New York CIty Council Member Ben Kallos

Queens Chronicle Queens pols weigh in on State of the City by Ryan Brady

Queens pols weigh in on State of the City

Mayor de Blasio’s 2019 State of the City address was filled with a long list of progressive priorities. Some of most notable include making healthcare available to all New Yorkers, making individual retirement accounts available to all working city residents and requiring paid personal time for all employees at businesses with five or more workers.

Among some of Queens’ City Council representatives, views are mixed on the mayor’s Jan. 10 address.

Councilman Jimmy Van Bramer (D-Sunnyside) in recent months has harshly criticized de Blasio for the $3 billion incentive package for Amazon’s planned facility in Long Island City.

“Sitting in the audience for the Mayor’s State of the City speech, I had braced myself for the moment where he would laud the Amazon deal,” Van Bramer said in a statement. “To my surprise, he only mentioned Amazon in one sentence and then quickly moved on. It is clear to me that by avoiding Amazon in his speech, the Mayor acknowledged that this deal is a loser in progressive, democratic circles.”

Despite his staunch disagreement with the mayor on Amazon, Van Bramer agreed with some parts of the address.

“But I do see some opportunities for future collaboration,” the lawmaker added. “Health care for all and paid vacation time for all workers are laudable initiatives that I wholeheartedly support.”

Councilman Barry Grodenchik (D-Oakland Gardens) said he’s pleased with the mayor’s plans for bus lane enforcement. De Blasio had said the NYPD would be getting its first-ever unit of tow trucks focused on getting illegally parked cars out of the lanes.

“People park in them,” the lawmaker said of the lanes. “Sometimes, it’s government vehicles. Sometimes, it’s people waiting for somebody. ... I was glad that he addressed that.”

The lawmaker also said he plans to press the de Blasio administration in the new budget season to subsidize tickets on the Long Island Rail Road so that commuters can ride it with a MetroCard. Grodenchik’s district has no subway or LIRR stops, though there are some of the latter near its edges and the councilman believes more of his constituents would want to use the rail system if it were less expensive.

During his address, de Blasio also said the city would help prevent buses from being late by “doubling” the number of intersections where buses have green light priority.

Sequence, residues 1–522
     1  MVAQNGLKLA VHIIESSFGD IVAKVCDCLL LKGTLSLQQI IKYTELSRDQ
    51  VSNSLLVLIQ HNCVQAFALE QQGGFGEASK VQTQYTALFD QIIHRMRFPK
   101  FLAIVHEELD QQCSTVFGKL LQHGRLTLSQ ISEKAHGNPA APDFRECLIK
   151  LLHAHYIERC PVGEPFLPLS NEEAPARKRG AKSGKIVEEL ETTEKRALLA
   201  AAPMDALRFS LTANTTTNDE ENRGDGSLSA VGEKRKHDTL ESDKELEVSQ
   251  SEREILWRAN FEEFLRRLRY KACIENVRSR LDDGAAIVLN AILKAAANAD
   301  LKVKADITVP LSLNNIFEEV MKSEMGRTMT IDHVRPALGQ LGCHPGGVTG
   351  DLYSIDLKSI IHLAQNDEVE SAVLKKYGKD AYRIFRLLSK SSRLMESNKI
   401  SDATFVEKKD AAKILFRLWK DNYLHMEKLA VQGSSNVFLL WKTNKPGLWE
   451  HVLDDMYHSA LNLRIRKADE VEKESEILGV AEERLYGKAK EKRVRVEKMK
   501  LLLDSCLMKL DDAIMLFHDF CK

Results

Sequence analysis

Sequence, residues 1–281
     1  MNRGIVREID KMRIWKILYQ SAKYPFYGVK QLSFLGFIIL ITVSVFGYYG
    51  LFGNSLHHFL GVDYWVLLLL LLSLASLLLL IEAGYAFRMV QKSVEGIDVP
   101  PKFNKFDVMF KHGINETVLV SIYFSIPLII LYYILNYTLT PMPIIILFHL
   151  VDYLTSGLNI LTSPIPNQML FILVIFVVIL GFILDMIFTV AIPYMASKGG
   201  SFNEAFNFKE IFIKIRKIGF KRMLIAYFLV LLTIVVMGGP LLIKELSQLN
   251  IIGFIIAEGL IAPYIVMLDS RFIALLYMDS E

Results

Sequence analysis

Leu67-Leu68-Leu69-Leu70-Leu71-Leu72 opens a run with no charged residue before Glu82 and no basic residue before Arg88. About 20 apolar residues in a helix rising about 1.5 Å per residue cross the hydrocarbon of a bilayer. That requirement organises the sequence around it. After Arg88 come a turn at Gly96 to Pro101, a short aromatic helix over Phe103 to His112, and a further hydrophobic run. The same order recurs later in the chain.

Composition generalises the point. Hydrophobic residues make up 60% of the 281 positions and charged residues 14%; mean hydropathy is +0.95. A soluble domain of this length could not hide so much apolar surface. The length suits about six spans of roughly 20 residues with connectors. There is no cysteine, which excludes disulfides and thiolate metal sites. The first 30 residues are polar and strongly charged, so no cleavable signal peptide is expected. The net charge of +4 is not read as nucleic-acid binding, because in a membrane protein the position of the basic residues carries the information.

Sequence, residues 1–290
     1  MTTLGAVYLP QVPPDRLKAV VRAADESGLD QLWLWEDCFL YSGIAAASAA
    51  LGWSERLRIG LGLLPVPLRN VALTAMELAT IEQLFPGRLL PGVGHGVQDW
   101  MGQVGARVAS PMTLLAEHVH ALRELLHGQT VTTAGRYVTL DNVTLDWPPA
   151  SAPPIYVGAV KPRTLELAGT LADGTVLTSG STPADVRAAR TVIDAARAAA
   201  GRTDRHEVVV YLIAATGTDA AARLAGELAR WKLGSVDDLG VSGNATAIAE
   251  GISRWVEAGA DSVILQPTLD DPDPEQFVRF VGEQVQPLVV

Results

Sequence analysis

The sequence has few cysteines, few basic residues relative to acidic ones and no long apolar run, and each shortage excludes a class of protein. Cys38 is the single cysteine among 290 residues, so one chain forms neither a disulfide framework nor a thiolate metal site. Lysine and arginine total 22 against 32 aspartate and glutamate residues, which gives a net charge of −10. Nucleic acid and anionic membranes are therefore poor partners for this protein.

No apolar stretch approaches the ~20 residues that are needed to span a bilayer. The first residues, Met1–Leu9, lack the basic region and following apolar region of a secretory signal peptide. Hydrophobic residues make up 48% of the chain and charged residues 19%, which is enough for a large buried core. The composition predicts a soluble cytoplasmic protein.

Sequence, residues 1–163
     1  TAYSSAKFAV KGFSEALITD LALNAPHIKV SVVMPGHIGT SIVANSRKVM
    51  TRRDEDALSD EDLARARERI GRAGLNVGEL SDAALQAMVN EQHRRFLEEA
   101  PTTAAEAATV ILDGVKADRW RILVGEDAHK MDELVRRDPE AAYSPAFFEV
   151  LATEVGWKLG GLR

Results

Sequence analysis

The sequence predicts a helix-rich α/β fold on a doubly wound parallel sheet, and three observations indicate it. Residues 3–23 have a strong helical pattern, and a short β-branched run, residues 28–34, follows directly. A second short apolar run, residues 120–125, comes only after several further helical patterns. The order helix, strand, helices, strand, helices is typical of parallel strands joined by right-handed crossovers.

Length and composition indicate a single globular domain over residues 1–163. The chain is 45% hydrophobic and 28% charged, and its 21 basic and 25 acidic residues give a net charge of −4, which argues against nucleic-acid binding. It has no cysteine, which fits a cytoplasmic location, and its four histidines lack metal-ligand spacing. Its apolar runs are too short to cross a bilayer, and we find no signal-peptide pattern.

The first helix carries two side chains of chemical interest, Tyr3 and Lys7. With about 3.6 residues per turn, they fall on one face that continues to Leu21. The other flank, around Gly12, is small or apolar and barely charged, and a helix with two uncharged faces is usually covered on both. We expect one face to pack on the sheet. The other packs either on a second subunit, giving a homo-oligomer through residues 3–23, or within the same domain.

Councilman Robert Holden (D-Middle Village), a frequent critic of the mayor, is concerned about costs that will be created by de Blasio’s new plans for the city.

“The mayor tends to announce his initiatives first and figure out how to pay for them later, which unfortunately means that the burden falls on the middle class in the form of increased taxes,” he said in a prepared statement.

Still, the lawmaker said he approves of how “the mayor hopes to speed up buses, but this must be addressed more in my district where transportation options are scarce.”

In his speech, the mayor also announced new ferry routes and stops would be coming, but the expansion won’t impact Queens.

“While creating more ferry routes is great, I would like to see even further expansion to La Guardia and John F. Kennedy Airports,” Holden said.

Councilman Daneek Miller (D-St. Albans), chairman of the Committee on Civil Service and Labor, had introduced legislation with his colleague Ben Kallos (D-Manhattan) to establish a “retirement security for all” system in the city. He lauded de Blasio for taking initiative on the issue.

“Too few Americans lack the means or direction to adequately plan for their retirement,” the lawmaker said in a prepared statement. “We all recognized this deficiency several years ago, and dared to act boldly to provide the infrastructure necessary to help nearly half of our City’s private workforce members lay a foundation for a more stable future.”


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